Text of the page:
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Marine Ecology
•
Species – a group of similar
organisms whose members
interbreed and produce viable
offspring.
•
Population – members of the
same species that live together in
the same area at the same time.
•
Community – all the populations of
different species that live and
interact together within an area at
the same time.
•
Ecosystem – a community
together with its physical (abiotic)
environment.
How Populations Work in a Community
• Population growth
– More individuals
– Birth rates > death rates
– Decrease in resources
• Food, nutrients, space
• Until the available
resources can no
longer support more
growth
– Lag phase
• Period of relatively slow
growth
– Post-lag phase…
• Linear, Exponential, or
logistic growth
• Renewable resources:
replenished by natural processes at a
rate comparable or faster than its rate of
consumption.
–
solar radiation, oxygen, tides, food, water,
and winds
• Non renewable:
–
used at a rate greater than the
environment's capacity to replenish
them
• Linear growth
– Constant numerical
increase; constant slope
– Doubling occurs relatively
slowly
• Exponential growth
– Growing numerical
increase; “J” curve
– Doubling occurs rapidly
– Occurs with no limits to
growth
– e.g fig. 10.2b
(dinoflagellates…much like
these bacteria)
Exponential growth until?
• Environmental resistance
– Limiting factors
• Supply restricts the growth of
a population (e.g. food)
• Logistic growth
– Converts a “J” curve to an
“S” curve (fig. 10.4)
– Sets carrying capacity
• Population size sustained by
available resources
…as resources decrease, competition
increases
Organisms interact within a community
• competition, predation,
symbiosis
• Competition
– organisms compete for
same resources
• Intraspecific (within same
species)
• Interspecific (between
species)
– Superior competitor wins
• Outcompeting to the point
of eliminating the other =
competitive exclusion
Sharing to avoid exclusion
• Resource partitioning
– Specializing in part of
the resources
• slightly different food
• different spaces
• different times
– Dividing the resources
– Lends to smaller
populations of a single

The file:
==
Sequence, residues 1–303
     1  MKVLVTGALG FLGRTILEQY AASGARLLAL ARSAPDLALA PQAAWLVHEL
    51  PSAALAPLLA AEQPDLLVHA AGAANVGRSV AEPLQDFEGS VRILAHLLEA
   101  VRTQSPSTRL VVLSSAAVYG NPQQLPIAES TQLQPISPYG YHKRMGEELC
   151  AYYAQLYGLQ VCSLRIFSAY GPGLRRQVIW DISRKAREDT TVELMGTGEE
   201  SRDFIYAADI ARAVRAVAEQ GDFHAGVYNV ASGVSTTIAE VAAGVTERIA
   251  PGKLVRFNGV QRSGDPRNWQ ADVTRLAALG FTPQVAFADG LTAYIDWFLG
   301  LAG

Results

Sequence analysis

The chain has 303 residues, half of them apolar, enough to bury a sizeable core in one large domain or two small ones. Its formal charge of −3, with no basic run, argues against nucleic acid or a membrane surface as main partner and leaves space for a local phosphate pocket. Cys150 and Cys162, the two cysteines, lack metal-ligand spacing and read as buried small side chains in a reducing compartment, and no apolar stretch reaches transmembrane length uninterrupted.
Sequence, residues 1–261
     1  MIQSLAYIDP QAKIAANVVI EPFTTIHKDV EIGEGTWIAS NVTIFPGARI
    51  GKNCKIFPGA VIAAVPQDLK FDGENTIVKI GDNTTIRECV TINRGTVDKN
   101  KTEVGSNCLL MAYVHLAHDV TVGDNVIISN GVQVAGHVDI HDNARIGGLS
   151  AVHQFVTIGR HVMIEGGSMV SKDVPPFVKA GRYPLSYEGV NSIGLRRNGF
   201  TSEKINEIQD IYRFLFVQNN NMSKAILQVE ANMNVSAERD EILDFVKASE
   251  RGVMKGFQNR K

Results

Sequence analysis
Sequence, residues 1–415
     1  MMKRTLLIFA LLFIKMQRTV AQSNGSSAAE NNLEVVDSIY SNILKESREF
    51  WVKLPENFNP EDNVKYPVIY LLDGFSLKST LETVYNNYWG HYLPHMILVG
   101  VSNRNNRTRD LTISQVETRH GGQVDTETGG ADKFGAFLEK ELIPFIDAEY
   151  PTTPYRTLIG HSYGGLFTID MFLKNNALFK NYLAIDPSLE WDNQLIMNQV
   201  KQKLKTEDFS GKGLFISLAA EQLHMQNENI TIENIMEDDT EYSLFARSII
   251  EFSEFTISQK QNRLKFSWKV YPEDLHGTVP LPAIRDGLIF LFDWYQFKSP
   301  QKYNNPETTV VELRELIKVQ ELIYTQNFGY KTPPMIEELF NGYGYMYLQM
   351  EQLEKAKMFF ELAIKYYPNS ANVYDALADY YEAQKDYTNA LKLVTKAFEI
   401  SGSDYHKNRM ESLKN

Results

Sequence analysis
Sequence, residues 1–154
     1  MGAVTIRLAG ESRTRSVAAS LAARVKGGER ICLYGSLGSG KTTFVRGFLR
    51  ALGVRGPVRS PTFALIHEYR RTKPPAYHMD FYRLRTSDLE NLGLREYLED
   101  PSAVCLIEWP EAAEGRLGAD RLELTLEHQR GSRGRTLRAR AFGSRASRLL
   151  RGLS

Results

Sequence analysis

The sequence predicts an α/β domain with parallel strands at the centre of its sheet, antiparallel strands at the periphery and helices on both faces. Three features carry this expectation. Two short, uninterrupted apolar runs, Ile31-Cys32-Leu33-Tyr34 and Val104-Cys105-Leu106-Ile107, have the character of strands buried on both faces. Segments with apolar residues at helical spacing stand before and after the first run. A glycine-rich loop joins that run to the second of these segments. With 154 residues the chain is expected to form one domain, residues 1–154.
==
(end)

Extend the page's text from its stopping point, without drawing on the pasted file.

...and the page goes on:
species
• Giving up some of the
resources is limiting
Symbiosis (living together)
• Mutualism
– Both organisms benefit
• “Cleaner” shrimp & fish
(facultative)
• Zooxanthellae & Cnidaria
(obligate)
• Commensalism
– One organism benefits w/o
affecting the other
• E.g. whale barnacles
(shelter & food)
• Parasitism
– One organism benefits at
the expense of the other
• E.g. intestinal worms
(Nematodes in fin whale gut)
• Ectoparasitic isopods
Marine communities
• Lifestyles
– Benthic (bottoms)
– Pelagic (open-water)
• Plankton: drifting in the
currents
– Phytoplankton
» autotrophic
– Zooplankton
» Heterotrophic
– Nekton: free swimming
• Environment/structure
– Transitional: land & sea
– Depth
– Topography
Fig. 10.12
Flow of energy w/in ecosystem
•
How energy passes through the
ecosystem
– one way flow (Fig. 10.13)
•
Producers
– autotrophs (self nourishment) that
use simple inorganic molecules to
make complex organic molecules
(photosynthesize)
•
Consumers
– heterotrophs (different
nourishment) that eat producers to
gain energy, cannot gain energy
just from simple inorganics
•
Decomposers
– heterotrophs that break down
dead material to make energy
•
At each level some heat is given
off or lost
– energy that is unavailable to the
next level
Most food webs are
complex… this
Antarctic example is
considered simple:
Trophic levels
• Steps of energy
transfer
• Each level relies on
the level(s) below
Energy efficiency
• 10% E (ave) passes
to next level
– Only a small amount
goes toward actual
growth
• Sustains fewer
organisms
• 10 times more
biomass is required to
sustain the level
above
Fig 10.16
Primary productivity
• Amount of carbon
converted (fixed) from
CO2 to usable organics
– Gross primary production
– Net primary production
• Leftover after respiration
gC/m2/day
gC/m2/year
• Can also measure O2
production via
photosynthesis
• Productivity
depends on:
–
–
–
–
Light
Location
Depth
Abundance of
organics
– Etc…
Carbon cycle
• CO2 is highly
soluble
– 50 times >
atmosphere
• Converted by
photosynthesis
• Broken down by
respiration
– Consumers,
decomposers, &
producers
Homework (due 4/30/08)
• Review pgs. 231-240
• Describe the human impact of burning
fossil fuels & increasing the amount of
CO2 in the atmosphere
• What does this do to global temperatures?
• How does this impact our oceans?
• How does this impact the marine trophic
levels?